Blog
March 30, 2021

HR Transform event recap: Setting your employees up for financial success

man talking to advisor

Employees are your number one assets. That’s why so many HR leaders prioritize taking care of their workforce above all else. But as the world changes, as it has in recent years, companies need to be dynamic and constantly re-evaluate their employees' needs. We recently hosted a session at HR Transform to discuss why financial wellness is becoming increasingly important for employees and what organizations are doing to address these changing priorities. Our panelists included: 


  • Matt Watson, CEO and Co-Founder of Origin (moderator) 
  • Emily Duff, Manager, Global Benefits at Udemy
  • Cory Rose, Senior Director of People Operations at Chime


Below are the top takeaways from the session when it comes to setting your employees up for financial success. 

1. Remember that financial wellness has a ripple effect

It’s essential to recognize that financial wellness doesn’t just impact an employee’s bank account—it has profound effects on their physical and mental health as well. In fact, studies find that high levels of financial stress manifest through physical symptoms like sleep loss, anxiety, compromised immune systems, and depression, among other side effects. 


This connection is something more companies are recognizing, including the team at Udemy.  “We knew employees were going through hard times, between adapting to remote work and worrying about the economy. What we quickly realized is that financial stressors are a huge contributing factor to mental wellbeing, so we decided to couple our mental health benefits with a financial wellness offering as well,” explains Duff. 

2. Outsource financial expertise 

With the pandemic introducing so many changes to the work environment, employees understandably have many questions: Which states do I owe taxes to? Is my equity worth anything right now? How do I change my withholdings? Unfortunately, as Rose explains, these are areas where HR leaders aren’t legally qualified or allowed to share advice. 


“Myself, like all good HR folks, are saying: ‘we can’t advise you on anything tax-related. Please talk to your personal tax advisor.’ But the problem is that most people don't have a personal tax advisor.” 


That’s where a benefit like Origin, which offers employees one-on-one access to financial professionals, can make a huge difference. And it’s one that Rose has seen first-hand with her own employees at Chime. “Being able to give your employees access to somebody that can set them on that path to financial wellness is incredibly valuable.” 

3. Be proactive, not reactive

Your employees don’t think twice about going in for an annual checkup to maintain their physical health. But when it comes to their financial health, people tend to be more reactive. This is a mindset shift that leaders like Duff are trying to encourage in their workers. 


“You don't have to wait until you have X amount in debt, or before you are expecting a child, or in the process of looking for a home. You can do some of these things more as a preventive measure for yourself. That’s why I like how Origin connects to things that happen throughout the calendar year and the employee life cycle—whether that’s getting set up for success as a new hire with their 401k plan or planning for tax season.”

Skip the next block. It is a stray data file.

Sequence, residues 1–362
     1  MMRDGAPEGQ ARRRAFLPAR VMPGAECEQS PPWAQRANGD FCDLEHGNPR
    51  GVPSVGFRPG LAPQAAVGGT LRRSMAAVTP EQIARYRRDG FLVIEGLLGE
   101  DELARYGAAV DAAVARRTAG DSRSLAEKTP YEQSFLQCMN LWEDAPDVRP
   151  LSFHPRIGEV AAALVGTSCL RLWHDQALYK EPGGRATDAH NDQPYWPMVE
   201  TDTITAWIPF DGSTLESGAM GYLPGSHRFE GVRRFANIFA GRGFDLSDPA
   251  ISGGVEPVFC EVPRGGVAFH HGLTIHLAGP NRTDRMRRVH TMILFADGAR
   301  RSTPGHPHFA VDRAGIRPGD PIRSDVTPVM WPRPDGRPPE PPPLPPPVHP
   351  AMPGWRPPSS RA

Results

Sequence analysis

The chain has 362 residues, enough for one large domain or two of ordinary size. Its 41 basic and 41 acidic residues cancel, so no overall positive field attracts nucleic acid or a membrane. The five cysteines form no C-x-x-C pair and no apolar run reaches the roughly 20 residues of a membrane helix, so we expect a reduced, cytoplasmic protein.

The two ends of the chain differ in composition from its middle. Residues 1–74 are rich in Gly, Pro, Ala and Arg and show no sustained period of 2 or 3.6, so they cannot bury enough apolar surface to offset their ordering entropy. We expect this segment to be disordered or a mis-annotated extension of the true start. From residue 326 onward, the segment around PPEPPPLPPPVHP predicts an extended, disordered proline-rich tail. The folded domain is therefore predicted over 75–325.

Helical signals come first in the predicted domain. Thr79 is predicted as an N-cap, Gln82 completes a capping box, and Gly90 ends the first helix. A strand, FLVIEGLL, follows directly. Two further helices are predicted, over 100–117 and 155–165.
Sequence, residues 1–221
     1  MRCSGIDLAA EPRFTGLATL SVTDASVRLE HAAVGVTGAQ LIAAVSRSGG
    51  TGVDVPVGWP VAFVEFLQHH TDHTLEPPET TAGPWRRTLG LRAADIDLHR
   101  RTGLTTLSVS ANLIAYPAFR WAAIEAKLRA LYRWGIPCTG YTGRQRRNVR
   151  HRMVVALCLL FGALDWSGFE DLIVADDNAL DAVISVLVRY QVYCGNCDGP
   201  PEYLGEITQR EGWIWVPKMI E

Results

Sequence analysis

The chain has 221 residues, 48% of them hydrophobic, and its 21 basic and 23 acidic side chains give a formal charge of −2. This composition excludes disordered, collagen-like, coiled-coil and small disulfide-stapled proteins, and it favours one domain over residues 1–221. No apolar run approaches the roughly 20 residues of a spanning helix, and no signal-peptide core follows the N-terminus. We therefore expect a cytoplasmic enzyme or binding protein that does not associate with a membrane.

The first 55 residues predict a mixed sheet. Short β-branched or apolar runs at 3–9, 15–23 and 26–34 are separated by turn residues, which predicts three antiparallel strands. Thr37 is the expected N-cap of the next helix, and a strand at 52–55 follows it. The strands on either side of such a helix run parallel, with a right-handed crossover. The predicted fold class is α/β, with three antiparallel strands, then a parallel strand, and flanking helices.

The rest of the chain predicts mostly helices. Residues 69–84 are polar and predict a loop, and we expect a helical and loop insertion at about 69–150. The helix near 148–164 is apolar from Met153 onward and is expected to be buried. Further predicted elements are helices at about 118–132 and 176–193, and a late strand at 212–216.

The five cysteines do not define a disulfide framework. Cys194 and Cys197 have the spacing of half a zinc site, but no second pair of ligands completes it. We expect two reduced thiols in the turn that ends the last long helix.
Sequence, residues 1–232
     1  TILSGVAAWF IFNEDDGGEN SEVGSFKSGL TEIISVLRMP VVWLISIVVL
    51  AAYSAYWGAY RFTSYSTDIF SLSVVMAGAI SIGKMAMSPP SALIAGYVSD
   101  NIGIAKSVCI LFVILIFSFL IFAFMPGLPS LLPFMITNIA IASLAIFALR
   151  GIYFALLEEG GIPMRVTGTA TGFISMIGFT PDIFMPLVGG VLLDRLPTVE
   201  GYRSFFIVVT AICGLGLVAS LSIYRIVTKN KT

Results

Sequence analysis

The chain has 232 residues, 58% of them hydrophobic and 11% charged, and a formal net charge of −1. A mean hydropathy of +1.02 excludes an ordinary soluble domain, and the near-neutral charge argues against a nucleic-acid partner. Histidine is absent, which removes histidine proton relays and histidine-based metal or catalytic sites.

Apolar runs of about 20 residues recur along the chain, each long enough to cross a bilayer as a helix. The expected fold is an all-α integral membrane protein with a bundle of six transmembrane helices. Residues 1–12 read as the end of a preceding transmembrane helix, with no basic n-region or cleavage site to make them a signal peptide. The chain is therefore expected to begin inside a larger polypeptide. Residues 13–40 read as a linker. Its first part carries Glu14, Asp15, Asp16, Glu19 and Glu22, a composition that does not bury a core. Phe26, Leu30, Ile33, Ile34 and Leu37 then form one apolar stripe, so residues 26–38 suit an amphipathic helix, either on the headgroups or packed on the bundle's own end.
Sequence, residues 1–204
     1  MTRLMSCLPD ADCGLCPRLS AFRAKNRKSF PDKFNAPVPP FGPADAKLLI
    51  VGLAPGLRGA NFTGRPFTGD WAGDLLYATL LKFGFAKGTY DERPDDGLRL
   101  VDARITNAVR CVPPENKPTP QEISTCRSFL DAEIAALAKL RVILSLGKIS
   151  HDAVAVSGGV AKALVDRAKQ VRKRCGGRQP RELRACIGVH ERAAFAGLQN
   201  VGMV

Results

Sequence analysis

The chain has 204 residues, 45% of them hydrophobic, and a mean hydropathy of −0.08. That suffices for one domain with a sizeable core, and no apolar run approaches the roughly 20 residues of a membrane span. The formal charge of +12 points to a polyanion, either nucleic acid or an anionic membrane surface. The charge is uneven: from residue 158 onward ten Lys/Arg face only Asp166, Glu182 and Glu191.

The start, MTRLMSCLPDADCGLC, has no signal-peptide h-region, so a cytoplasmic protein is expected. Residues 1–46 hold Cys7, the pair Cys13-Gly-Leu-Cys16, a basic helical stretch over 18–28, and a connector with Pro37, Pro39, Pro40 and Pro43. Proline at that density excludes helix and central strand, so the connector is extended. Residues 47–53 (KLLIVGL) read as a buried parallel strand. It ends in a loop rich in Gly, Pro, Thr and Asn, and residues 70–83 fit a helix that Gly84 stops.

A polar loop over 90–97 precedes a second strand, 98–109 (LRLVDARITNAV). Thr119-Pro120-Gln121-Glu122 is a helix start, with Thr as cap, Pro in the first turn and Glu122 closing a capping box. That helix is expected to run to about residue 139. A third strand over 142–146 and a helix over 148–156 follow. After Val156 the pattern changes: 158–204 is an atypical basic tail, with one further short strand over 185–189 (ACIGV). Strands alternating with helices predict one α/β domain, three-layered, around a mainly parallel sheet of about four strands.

4. Measure the ROI of your financial wellness efforts

Part of setting your employees up for financial success is to make sure the benefits you offer actually work. There are a few ways to measure the effectiveness of your offerings, according to Duff. Her team at Udemy has quarterly and semi-annual utilization review meetings to gauge how frequently their benefits are being used. In general, 30% utilization is a good benchmark. You can also collect employee feedback, whether informally through a Slack channel or more formally through benefit surveys. 


Another measurement method is to look at how your financial wellness benefit is affecting your other offerings. For instance, Duff noticed that their average 401K enrollment rate increased from 8% to 14%—even though they weren’t doing anything new to incentivize enrollments. Eventually, they realized that this uptick overlapped with the introduction of Origin, explaining the increased interest in 401K accounts.

 

“We have more people enrolling in Origin, whether they actually need something or are just curious about it and want to connect with a financial professional. And that CFP® is telling them more about their 401k plan, the different fund lineups, and contribution strategies,” says Duff.


Remember that your employees are what keep your company going. So you want to make sure they have what they need to succeed in every aspect of their lives—from their mental health to their financial wellness. A huge thanks to Udemy and Chime for joining us in this panel discussion. If you want to watch the full panel discussion from HR Transform, you can access the video here


Sara Anderson
Head of Marketing